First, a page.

0ctavias0fferings is my selling handle (the 'o's are zeros) and you'll find me under that name on both Squidoo and Zazzle. Also on Zazzle with IndependenceX, check it out if you love Scottish independence.
I'm a Scottish Grandmother, living the quiet life in the Cairngorm National Park area of the Scottish Highlands.
I've been here on Tumblr for a while now and I still keep saying 'I must blog more'.
So, I hear Dodgy Dave wants to stick his nose into the Scottish Independence Referendum debates again and he’s going to concentrate on “Britishness”. Well done, Dave, that’ll be a winner … aye, right.
First of all, what is “Britishness”? The Scots, Irish (from both sides of the Irish border), Welsh and English all live in what is known as the British Isles. As it happens, many people who might consider themselves to be of a different ethnic origin also live in the British Isles and have done so for generations.
In the sense that we all share these islands as our home, we are all British, including the inhabitants of Eire (the larger part of the island which lies west of England) which has been an independent nation for many years now. I bet they don’t really think of themselves as particularly “British”.
It’s going to be interesting to see what Dave comes up with to try and persuade us, the Scots, to remain in the UK on the basis of “Britishness”.
The culture and heritage of each of the component countries in the British Isles is quite different one from another. For example, while England was conquered and ruled over by the Romans, Scotland remained wild and free, we do not have the same heritage at all.
You could choose many aspects of our history, from which our culture has arisen, and you would find great differences between England, which is the largest of the countries making up the British Isles, and Scotland, Wales, Ireland.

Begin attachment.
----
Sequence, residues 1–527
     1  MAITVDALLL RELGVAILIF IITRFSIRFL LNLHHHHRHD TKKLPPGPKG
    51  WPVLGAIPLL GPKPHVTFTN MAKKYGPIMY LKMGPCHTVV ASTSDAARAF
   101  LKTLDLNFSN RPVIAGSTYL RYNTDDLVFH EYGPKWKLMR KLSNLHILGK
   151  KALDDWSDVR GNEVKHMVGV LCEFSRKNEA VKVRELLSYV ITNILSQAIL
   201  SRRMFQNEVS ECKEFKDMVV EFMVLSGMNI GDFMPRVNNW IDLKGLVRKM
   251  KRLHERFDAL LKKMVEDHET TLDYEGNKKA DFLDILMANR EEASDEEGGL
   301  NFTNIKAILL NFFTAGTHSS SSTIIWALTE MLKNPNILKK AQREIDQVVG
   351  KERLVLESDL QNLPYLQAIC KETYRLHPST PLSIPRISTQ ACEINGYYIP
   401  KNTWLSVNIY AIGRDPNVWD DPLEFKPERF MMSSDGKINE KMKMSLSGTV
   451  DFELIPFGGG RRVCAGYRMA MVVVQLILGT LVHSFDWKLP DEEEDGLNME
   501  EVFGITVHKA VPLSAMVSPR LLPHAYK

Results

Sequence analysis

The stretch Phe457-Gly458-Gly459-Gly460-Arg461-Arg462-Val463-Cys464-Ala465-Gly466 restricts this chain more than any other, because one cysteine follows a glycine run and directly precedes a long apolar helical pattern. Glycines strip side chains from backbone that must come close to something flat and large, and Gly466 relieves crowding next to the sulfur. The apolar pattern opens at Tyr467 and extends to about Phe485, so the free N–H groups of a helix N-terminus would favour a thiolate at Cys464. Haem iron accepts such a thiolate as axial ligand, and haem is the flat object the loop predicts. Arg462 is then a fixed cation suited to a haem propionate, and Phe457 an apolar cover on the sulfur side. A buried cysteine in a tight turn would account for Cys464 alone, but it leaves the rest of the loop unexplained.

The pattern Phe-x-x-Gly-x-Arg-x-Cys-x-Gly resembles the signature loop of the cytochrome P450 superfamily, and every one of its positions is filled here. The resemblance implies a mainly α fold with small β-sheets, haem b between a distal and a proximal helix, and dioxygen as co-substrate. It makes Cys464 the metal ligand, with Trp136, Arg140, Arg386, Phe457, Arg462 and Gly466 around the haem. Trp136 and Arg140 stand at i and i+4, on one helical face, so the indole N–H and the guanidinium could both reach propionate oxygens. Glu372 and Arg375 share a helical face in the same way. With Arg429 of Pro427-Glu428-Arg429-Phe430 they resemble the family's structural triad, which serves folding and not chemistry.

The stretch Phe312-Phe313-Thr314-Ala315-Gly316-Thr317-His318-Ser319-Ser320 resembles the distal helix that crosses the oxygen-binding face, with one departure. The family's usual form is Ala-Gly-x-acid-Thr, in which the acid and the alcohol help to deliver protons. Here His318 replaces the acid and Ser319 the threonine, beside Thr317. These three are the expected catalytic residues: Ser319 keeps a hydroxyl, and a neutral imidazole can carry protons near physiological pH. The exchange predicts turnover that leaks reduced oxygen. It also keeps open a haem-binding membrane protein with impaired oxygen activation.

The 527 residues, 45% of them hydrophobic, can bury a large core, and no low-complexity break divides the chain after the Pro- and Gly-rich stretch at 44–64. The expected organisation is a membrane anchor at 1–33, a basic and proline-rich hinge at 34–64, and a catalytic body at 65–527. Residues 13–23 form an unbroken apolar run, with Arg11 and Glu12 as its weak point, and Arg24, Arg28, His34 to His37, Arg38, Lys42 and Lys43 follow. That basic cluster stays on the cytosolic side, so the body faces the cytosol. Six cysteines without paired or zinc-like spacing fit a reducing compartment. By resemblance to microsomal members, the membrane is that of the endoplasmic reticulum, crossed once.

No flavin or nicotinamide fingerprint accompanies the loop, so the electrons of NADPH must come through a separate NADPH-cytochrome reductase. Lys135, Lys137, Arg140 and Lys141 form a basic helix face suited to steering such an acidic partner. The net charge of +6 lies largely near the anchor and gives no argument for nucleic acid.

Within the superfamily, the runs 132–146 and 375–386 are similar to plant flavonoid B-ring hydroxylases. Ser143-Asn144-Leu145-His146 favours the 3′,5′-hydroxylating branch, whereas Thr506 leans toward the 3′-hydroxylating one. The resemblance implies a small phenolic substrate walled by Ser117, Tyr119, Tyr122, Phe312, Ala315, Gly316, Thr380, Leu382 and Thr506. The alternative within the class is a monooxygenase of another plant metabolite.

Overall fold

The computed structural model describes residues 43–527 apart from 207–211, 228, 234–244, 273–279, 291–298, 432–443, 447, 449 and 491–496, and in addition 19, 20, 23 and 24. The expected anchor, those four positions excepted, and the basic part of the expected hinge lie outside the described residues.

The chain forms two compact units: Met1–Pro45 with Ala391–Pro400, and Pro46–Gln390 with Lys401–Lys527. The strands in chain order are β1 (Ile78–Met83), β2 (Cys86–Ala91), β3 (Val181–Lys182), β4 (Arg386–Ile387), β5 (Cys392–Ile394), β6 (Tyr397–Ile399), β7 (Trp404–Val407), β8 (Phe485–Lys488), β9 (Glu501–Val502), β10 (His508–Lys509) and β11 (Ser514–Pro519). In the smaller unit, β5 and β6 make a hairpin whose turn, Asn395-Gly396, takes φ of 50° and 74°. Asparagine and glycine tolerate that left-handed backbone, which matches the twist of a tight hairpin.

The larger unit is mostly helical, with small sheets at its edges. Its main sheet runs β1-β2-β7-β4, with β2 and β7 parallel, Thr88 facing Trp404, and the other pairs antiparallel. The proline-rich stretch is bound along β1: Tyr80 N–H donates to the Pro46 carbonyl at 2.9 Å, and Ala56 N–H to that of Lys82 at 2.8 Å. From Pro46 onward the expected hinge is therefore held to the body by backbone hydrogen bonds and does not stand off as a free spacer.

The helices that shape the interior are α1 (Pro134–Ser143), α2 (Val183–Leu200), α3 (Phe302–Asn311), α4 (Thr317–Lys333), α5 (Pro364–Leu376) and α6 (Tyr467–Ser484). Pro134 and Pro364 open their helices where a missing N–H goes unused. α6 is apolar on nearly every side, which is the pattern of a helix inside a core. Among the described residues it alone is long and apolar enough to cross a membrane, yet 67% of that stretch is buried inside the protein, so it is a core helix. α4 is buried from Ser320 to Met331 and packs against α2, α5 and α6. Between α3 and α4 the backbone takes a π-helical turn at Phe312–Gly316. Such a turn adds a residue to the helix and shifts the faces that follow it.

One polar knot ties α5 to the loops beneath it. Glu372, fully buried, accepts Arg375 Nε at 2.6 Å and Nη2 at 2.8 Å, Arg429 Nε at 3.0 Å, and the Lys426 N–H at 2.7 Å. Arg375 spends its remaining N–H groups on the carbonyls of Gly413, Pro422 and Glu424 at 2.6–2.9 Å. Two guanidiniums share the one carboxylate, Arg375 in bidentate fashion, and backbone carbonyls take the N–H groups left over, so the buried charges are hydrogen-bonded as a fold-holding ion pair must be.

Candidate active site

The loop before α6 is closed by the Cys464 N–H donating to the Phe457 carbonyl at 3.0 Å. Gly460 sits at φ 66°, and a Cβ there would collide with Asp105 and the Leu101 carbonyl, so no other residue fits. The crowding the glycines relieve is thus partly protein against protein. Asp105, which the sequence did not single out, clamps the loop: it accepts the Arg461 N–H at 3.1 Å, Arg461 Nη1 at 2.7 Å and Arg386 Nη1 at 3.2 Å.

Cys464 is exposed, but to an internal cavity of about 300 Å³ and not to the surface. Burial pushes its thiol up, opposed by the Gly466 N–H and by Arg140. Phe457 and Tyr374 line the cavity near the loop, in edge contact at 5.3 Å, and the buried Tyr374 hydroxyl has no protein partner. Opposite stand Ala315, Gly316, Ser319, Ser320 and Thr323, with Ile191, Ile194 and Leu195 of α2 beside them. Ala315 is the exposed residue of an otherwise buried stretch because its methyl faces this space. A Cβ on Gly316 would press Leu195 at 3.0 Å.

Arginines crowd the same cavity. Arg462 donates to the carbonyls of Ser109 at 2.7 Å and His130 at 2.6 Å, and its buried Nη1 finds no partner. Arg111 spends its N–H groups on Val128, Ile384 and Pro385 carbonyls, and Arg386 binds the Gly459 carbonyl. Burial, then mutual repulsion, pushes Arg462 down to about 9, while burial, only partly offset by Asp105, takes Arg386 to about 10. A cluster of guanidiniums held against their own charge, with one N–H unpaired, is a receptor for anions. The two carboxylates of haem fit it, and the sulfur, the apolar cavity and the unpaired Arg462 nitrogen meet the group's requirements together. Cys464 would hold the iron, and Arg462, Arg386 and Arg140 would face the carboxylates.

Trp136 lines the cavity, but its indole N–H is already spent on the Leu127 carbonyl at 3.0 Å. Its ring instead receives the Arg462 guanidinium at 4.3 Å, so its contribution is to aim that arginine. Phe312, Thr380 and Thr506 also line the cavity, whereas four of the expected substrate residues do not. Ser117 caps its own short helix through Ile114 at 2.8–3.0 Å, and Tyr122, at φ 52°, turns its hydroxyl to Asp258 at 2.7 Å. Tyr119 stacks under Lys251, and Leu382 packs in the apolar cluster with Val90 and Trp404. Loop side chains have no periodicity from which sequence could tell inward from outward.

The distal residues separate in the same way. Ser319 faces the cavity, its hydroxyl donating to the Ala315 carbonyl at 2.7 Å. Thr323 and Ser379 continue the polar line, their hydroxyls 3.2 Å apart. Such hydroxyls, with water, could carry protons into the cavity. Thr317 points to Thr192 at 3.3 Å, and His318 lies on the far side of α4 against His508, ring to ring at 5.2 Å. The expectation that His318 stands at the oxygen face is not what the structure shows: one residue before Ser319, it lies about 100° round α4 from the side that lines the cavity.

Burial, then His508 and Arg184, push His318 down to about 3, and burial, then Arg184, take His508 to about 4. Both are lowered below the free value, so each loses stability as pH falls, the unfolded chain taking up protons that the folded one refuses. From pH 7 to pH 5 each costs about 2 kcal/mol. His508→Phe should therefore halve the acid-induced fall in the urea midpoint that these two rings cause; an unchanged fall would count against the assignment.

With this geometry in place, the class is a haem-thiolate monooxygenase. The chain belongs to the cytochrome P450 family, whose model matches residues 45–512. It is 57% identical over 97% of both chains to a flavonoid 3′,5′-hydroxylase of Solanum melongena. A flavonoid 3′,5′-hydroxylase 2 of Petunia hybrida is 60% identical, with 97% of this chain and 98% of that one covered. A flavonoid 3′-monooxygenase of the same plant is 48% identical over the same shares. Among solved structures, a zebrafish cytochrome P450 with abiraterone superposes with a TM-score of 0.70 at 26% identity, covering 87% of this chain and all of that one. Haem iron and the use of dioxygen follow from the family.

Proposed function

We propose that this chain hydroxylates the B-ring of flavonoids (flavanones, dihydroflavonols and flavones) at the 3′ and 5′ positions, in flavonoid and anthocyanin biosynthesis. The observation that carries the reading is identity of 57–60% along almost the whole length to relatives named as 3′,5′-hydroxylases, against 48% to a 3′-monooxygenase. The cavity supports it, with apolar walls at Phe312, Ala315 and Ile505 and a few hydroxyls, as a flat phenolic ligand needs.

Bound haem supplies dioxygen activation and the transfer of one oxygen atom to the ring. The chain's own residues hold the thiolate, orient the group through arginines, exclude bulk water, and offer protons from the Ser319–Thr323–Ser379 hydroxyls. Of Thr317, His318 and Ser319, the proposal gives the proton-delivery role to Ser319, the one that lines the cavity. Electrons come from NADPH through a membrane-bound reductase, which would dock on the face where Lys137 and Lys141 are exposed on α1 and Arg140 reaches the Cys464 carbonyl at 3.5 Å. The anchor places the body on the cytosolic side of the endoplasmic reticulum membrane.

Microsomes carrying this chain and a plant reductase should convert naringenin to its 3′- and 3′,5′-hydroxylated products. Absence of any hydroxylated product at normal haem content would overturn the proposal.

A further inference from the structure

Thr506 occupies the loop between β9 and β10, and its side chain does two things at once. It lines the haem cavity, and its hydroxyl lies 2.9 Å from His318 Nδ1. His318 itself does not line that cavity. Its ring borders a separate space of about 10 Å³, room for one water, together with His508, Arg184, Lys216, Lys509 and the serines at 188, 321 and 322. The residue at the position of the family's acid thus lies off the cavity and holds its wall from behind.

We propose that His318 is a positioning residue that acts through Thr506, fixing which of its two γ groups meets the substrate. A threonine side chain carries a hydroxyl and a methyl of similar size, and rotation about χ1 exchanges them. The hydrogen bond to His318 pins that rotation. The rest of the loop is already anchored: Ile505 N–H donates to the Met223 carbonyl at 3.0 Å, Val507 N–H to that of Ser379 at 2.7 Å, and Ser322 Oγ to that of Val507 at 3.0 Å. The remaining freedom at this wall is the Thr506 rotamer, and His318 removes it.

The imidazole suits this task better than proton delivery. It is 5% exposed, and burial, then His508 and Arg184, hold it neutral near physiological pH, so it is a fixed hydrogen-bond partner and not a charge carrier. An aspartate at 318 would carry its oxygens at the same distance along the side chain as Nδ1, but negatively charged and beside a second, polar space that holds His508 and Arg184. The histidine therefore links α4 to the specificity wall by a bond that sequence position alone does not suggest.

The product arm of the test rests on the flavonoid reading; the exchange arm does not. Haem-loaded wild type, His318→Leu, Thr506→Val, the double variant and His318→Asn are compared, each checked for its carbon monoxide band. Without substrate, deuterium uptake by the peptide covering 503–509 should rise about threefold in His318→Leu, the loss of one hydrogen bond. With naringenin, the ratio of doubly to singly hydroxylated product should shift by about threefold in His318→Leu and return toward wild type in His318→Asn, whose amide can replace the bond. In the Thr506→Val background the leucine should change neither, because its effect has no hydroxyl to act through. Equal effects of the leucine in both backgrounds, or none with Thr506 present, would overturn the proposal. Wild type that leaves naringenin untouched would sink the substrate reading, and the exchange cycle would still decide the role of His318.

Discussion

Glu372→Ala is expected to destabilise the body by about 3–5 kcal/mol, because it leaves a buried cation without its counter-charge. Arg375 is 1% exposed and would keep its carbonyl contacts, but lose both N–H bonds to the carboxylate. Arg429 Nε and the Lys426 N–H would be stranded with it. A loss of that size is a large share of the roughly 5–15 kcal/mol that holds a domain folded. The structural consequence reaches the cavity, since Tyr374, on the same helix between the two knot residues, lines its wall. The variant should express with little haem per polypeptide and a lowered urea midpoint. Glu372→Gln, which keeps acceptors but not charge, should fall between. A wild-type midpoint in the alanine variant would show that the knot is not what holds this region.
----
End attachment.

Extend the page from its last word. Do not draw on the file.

But you don’t have to delve into the history of the British Isles in the last two millennia to see the differences which exist even today. In my own childhood I had the misfortune to move house from Scotland to England and the cultural differences, even though I was only 7 years old, were stark.
I had been doing a project in school in Elgin on the subject of Mary Queen of Scots, a personal heroine, but when I took my schoolwork to the new English school I attended the work was rubbished. Apparently Mary wasn’t the amazing historical person I knew and loved, oh my goodness, no, she was a very bad person executed by the magnificent Elizabeth, Queen of England.
In a way, I am ever grateful for that episode, though it shocked me at the time, because it was an early introduction to a simple fact: when two countries write about the same historical event, they will not view it in the same way but each will tell the story from their own standpoint. A liberator on one side of a border can be an oppressor on the other, or one man’s terrorist is another man’s freedom fighter. It’s an understanding which has always served me well.
In the mid to late 1950s there was a remarkable amount of ignorance around. Sweeping statement, I know, but you must remember this was in the era before the internet which allows every man, woman and child access to as much information as they would like. I know there are still plenty of people who ignore that simple fact but, in any case, the world wide web didn’t exist and the lives of most folk were much more insular.
Even television was a new thing then and very few people had one in their house. Private telephones weren’t common. A refrigerator or washing machine was a distant dream for most housewives. The World for most people revolved around the place they lived. Even so, at the age of seven I discovered that some English people thought Scotland was a town. This may explain why it was so common for someone hearing a Scottish accent to invariably enquire “You’re from Scotland? Do you know (insert name here) she / he lives in Scotland”